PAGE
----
Pre-emptive Strikes

A reporter with the Metro West Daily News in Massachusetts succeeded in forcing the town of Ashland to remove historical photos of an early 20th century minstrel show showing actors in blackface from an exhibit in town hall even before anyone complained, according to the paper.

Under the headline "Town Avoids Black Eye in Photo Flap," reporter Theresa Freeman says officials in Ashland removed the pictures "after a Daily News inquiry."

The picture showed people in costume for a bank robber play and was part of an exhibit of 11 prints and postcards illustrating scenes around town from the late 1800s and early 1900s.

For more doses of politically correct nuttiness, head on over to the Tongue Tied daily edition.

Mailbag:

Peter in Pittsburgh writes:

Responding to what happened at Syracuse U. according to the Daily Orange: I believe the whole incident is inexcusable. Kyle Galarneau was clearly out of line. However the RA, Melissa Samuels, is equally to blame. There is no faster way to induce backwards prejudice (and defensive) thoughts than to post a 'list' such as this by Dr. McIntosh. And I wouldn't believe for a second that Ms. Samuels posted the list outside her door for any reason other than to cause a stir.

She, in her position, should have not posted it in public. Had I been in Galerneau's shoes and seen the list myself, I would have taken exception as well--but would have expressed my views in a far more constructive manner.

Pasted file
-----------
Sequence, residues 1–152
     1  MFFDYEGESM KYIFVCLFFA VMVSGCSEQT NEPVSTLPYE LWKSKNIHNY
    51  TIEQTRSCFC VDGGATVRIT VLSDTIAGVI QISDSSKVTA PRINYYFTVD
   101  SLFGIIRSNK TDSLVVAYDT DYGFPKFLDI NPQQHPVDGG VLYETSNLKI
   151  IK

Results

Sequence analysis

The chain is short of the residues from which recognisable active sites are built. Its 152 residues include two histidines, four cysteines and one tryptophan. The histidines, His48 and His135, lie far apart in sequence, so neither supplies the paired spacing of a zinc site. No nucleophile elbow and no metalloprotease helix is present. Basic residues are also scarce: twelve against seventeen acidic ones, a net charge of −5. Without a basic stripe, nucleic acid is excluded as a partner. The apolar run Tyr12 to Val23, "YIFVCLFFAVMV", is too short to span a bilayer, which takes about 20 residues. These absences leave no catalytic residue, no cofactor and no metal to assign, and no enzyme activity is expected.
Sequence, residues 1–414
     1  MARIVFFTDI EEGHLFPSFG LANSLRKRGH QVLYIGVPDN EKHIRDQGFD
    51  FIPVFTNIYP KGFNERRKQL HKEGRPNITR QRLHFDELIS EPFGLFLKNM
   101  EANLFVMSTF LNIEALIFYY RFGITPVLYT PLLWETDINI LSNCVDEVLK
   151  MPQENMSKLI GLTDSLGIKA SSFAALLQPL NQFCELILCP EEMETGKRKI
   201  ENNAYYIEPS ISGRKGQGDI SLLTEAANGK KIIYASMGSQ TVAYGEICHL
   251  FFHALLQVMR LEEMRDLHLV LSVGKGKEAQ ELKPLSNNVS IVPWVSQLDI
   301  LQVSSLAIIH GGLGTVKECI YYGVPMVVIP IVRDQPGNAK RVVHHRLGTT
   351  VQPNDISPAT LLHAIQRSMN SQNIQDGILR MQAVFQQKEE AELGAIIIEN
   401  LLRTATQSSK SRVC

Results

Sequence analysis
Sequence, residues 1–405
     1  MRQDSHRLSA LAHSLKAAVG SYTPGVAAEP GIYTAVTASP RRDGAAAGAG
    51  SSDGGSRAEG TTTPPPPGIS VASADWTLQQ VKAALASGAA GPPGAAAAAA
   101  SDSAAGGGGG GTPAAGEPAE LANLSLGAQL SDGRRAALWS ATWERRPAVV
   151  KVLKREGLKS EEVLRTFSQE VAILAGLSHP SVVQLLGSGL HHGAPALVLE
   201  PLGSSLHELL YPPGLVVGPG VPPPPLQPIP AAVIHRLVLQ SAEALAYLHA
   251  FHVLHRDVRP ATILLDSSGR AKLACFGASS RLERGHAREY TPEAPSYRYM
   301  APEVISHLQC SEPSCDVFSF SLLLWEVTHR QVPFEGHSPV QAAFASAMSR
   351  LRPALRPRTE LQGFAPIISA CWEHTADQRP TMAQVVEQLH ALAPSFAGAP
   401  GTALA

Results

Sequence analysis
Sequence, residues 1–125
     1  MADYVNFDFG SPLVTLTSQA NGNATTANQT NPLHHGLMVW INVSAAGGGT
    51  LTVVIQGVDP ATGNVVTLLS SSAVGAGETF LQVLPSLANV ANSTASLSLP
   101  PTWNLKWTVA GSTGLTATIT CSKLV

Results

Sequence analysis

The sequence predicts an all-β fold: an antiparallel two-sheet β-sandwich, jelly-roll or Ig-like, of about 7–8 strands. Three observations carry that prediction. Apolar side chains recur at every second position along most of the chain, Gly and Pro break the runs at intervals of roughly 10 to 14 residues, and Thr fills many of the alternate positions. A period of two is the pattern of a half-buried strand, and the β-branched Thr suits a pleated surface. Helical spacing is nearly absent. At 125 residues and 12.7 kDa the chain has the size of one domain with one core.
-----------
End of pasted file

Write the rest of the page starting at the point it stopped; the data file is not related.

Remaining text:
Richard S. writes:

How can Syracuse University force a student out of the dorm for expressing his views, and yet let a female minority post an inflammatory article? What is our world coming to? Come on folks, toughen up!

Steven L. in Johnson City, Tenn. writes:

So, the concept at Syracuse University is that, if your non-white, you can say pretty much any thing you want without being offensive, but if you're white keep your damn mouth shut. If I were Mr. Galarneau I'd have a long talk with the ACLU about the violation of my 1st Amendment rights. Oh, sorry, the ACLU doesn't represent whites.

Terry R. writes:

On the subject of "religion-neutral housing:" Have the owners of that housing complex considered that they can now be sued by the very tenants they told not to hold Bible study meetings, on the grounds that they are violating their tenants' religious rights? Elderly folk holding a Bible study or a Christmas display on common property isn't going to offend anyone except atheists, who don't count anyway.

Scott T. in Atlanta writes:

I think the Boulder, Colo., hotline is a great idea. Every time I see a Hispanic driver weaving across lanes, I can call and complain about being offended by his racist driving. When I see some Hispanic kids harassing some Anglos, which they do anytime they outnumber them, and only when they outnumber them, I can call and complain that a minority group is being threatened and called "hate-filled, racist and demeaning names", then watch as the Hispanics are charged with a hate-crime.

What, you say that's not the purpose of the hotline?? Ohhh, I forgot. Only liberals and minorities can be racist, and commit acts of violence againt non-liberals and non-minorities, and claim that they have a right to violence against non-minoritites.

Laurie S. corrects us:

In your story about banning Bible studies in the apartment complex, you stated, "They said the Bible studies and nativity scene might make tenets feel that one religion is preferred over another." While thinking of Biblical tenets, it was still the tenants who may feel offended.